I think it’s time Canadians pay more attention to our amateur athletes before they hop the border to American universities on fruitful scholarships.
There’s nothing xenophobic about the previous statement, just a heads up to Canadians who neglect our athletes once they graduate from high school.
A constant theme I’ve come across in reporting on amateur sports, and even the brief glimpses into pro sports, is Canada doesn’t do enough to promote sports at the university level.
Angela James, one of the first women inducted into the Hockey Hall of Fame, expressed concern when I interviewed her last month for a sports feature.
So to wake up some folks out there, who only give the perpetually in-bud Leafs their attention, it’s time to look to where the next NHL superstars will come from.
Down at the Air Canada Centre I watched Canada’s top prospects play on-ice. On the day of the game between Team Cherry and Team Orr, Canadian Hockey League president David Branch announced they had created an advisory board to help CHL players skate through their lives as both players and students.
Joe Birch, director of recruitment and education services at the OHL, says minor hockey’s best kept secret is their scholarship program.
Every player in the league is entitled to a minimum of tuition, textbook and compulsory costs. At present, over 400 CHL players are playing for CIS teams.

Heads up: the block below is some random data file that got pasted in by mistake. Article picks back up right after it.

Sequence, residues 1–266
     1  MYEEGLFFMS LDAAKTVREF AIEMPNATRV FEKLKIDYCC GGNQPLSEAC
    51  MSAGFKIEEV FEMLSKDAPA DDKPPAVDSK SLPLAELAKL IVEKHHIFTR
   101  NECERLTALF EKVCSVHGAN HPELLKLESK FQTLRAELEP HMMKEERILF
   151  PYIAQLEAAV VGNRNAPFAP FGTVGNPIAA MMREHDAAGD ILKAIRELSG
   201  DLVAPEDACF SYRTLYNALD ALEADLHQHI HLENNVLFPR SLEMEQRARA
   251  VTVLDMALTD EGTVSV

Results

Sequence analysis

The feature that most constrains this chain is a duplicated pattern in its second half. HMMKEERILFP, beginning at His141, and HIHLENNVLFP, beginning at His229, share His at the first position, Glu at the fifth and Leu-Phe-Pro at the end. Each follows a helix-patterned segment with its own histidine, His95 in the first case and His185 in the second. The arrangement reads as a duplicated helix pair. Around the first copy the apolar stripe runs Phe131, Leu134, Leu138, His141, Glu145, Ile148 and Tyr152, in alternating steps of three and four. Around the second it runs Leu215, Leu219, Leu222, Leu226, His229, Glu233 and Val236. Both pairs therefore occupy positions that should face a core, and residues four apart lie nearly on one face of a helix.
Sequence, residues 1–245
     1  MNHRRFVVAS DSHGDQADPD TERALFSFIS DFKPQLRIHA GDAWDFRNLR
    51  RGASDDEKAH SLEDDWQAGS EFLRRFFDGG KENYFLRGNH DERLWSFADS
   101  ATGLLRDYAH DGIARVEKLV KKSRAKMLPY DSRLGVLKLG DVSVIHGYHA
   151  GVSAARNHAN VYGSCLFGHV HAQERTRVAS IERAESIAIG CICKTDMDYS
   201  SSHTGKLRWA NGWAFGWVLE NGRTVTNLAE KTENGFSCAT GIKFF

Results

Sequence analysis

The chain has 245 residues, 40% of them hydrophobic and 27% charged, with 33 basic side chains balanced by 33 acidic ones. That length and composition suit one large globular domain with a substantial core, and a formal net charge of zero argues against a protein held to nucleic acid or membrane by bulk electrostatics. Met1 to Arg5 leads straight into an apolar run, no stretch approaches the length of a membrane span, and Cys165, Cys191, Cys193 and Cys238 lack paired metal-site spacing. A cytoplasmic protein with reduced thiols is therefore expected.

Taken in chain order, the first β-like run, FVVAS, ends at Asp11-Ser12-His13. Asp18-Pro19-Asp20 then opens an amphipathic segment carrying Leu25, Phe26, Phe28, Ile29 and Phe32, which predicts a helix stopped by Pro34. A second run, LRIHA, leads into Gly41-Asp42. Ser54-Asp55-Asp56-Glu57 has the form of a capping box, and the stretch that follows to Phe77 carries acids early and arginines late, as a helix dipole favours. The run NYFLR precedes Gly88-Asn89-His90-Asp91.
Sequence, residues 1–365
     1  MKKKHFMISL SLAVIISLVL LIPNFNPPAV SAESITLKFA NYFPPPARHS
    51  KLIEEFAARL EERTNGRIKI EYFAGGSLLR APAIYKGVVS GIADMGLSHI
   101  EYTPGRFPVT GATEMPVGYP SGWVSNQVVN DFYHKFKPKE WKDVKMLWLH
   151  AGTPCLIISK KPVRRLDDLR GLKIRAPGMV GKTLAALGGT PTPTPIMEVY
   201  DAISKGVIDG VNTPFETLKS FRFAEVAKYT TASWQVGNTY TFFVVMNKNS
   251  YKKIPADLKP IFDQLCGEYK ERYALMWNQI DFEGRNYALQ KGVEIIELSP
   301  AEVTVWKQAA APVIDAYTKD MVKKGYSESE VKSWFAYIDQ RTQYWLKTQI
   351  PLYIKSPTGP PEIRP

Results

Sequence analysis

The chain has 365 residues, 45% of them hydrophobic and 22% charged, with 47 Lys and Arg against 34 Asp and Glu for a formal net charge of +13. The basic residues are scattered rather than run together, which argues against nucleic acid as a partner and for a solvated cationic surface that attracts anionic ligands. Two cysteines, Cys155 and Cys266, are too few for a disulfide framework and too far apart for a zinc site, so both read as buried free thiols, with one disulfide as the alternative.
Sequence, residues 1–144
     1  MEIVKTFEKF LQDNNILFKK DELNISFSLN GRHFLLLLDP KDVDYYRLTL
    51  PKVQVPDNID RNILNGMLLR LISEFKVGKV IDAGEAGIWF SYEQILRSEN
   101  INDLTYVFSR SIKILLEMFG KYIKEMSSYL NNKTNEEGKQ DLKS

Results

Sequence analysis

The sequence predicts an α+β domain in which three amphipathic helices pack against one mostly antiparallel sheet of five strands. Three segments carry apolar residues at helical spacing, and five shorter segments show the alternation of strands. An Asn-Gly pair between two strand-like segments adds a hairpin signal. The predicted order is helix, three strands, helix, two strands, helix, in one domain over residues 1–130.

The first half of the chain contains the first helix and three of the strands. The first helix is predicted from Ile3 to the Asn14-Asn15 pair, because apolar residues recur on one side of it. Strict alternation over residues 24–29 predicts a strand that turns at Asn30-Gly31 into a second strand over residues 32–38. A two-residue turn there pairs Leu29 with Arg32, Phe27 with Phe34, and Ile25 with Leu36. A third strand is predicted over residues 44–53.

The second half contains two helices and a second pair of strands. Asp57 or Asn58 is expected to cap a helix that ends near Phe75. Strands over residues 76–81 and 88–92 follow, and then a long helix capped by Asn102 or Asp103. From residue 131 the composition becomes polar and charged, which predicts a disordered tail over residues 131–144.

“The dollar value is based upon the closest universities to where mom and dad reside,” he said. “If we’re dealing with a Toronto family, it would be the University of Toronto.”
Players don’t have to take their $7,000 per year average to their closest institution though. If they want to attend Durham College for police foundations or fire fighting, or head overseas, the money is theirs.
“That’s some of the messaging that we want to help families understand: that you can play in the premiere development league in the world — the CHL — try to reach for that goal of playing in the National Hockey League,” Birch said. “If it does not happen, then plan B: continue your education and continue to develop as a hockey player playing in Canadian university hockey.”
Don’t think Birch is just paying lip service, either.
A player for Kitchener Rangers and London Knights, he graduated from University of Western Ontario.
I had the chance to ask current OHLers Lucas Lessio and Dougie Hamilton about the program, Champions On The Ice, and although their eyes are on the NHL draft they’re happy with having an academic wingman.
The next big step is trying to get Toronto fans enthused about the OHL. Even with the Home Hardware Top Prospects Game taking place in the ACC, there was a paltry few in attendance. Grapes, as always, expressed his disappointment with the support the city gave.
“To be honest with you, junior hockey is a tough sell in Toronto,” he said. “And it always has been, except when I played.
“We used to pack 16,000 in the Gardens.”